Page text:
Release funding to promote clean water
While some of us were enjoying a cup of coffee on Sunday morning Sept. 20, many in Schenectady were without clean water. The culprit? A water main break that resulted in road closures and residents having little to no running water.
I wish I could say that what happened in Schenectady is uncommon, but it isn’t.
New York has some of the oldest water infrastructure in the country, resulting in pipes breaking at an alarming frequency. The state estimated that it would cost upwards of $80 billion to fix New York’s drinking water and wastewater infrastructure.
There’s a solution: New York has a grant program, the Water Infrastructure Improvement Act, that helps local governments update, repair and replace their crumbling infrastructure. Communities across the state have received this critical grant funding since 2015, and others are lined up with shovel-ready projects.
Earlier this year, state leaders earmarked $500 million in new clean water infrastructure funding; six months later, however, the state has yet to release these much-needed funds.
Clean water has always been important, but is more so now as New Yorkers need to wash their hands to fend off COVID-19. Water infrastructure funding is not only a matter of public health, but also helps us rebuild our economy. Every dollar spent on water infrastructure yields good-paying jobs and contributes to our economic vitality.
We urge Gov. Cuomo to release these essential infrastructure funds, so we can get more New Yorkers back to work with access to clean, running water.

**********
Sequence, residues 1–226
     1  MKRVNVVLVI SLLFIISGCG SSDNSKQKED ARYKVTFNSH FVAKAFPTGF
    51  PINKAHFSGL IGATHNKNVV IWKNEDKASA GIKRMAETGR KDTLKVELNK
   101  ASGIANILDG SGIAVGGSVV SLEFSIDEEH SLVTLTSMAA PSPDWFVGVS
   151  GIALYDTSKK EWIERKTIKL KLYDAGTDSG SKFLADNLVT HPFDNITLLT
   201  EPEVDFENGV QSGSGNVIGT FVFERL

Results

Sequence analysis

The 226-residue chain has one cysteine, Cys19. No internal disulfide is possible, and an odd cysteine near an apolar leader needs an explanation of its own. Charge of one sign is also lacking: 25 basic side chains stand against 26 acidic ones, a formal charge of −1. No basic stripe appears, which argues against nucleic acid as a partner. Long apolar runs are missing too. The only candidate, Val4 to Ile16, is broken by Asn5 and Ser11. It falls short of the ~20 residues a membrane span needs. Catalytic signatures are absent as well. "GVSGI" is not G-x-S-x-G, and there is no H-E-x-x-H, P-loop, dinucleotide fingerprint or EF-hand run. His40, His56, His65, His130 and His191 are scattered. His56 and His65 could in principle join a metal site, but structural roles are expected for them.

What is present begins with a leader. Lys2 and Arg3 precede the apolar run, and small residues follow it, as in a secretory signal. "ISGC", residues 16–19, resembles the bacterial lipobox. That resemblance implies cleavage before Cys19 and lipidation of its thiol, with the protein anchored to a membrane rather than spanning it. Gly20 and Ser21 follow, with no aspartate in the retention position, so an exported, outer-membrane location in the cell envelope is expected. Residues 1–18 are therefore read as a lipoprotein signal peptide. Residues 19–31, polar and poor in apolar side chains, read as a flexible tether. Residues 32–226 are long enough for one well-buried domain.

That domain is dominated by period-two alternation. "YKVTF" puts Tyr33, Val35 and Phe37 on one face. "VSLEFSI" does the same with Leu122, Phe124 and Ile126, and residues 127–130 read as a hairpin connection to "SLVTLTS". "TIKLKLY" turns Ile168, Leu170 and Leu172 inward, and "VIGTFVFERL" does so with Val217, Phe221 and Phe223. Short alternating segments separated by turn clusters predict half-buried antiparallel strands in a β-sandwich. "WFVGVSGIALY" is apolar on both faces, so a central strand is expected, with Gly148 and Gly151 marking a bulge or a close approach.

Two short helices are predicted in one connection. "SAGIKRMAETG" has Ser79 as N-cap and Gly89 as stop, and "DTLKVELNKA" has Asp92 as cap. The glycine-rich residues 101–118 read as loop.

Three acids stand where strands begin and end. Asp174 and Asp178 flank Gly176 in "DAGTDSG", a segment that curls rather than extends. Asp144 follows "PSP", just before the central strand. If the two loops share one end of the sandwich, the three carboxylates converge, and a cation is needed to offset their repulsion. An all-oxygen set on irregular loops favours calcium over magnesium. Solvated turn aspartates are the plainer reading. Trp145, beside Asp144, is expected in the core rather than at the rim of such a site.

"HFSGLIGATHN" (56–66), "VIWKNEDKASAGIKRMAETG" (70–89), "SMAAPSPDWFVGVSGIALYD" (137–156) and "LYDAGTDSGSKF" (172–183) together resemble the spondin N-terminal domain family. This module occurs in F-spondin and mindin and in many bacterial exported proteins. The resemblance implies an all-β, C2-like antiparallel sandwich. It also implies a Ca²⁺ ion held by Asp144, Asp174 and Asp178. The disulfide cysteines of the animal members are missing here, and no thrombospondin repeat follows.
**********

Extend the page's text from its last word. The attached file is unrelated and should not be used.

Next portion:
The writer is the senior director for Clean Water at Environmental Advocates NY.
Address issues that matter to 50-plus
With so much at stake, the 2020 election year will be historic. These are challenging times, especially for New Yorkers over age 50. Our health and financial security are at risk. We must protect ourselves this election.
If congressional and presidential candidates want older voters to support them, they must address the issues that matter most to you and me. That would include laying out their plans for protecting Medicare and Social Security, lowering prescription drug prices, and ensuring safe and affordable long-term care.
Any politician who fails to address the health and financial security of 50-plus voters, especially during this pandemic, is out of touch. If a candidate wants to win, they must listen to older voters and address our needs and concerns.
AARP New York has been fighting to protect 50-plus voters, working diligently with local election officials to ensure all New Yorkers can vote safely. Anyone with questions on voting from home, voting early, or voting safely on Election Day can find more information at aarp.org/NYvotes.
Act soon to protect your right to vote, whether by mail, in-person early, or in-person on Election Day.
Support candidates who support life
An Aug. 23 column (“Single issue no longer defines Catholic political considerations”) by John Gehring, who is the Catholic program director at Faith in Public Life Action, states that pro-life no longer defines Catholics. His political agenda is to change Catholic doctrine and get a liberal Catholic president elected who is pro-abortion or pro-choice, however you want to say it.
Real Catholics are pro-life from cradle to grave. That is God’s law. It does not change. Abortion and euthanasia are killing the innocents.
All lives matter – Black, white, young, old, everyone. Vote to save lives, not destroy them.
Thomas J. Amedore
Controversial cartoon was appropriate
I believe that the Aug. 31 cartoon by Chris Britt which has been so heavily criticized made a valid point, and I thank The Daily Gazette for publishing it. Freedom of the Press forever!
Joyce M. Cockerham
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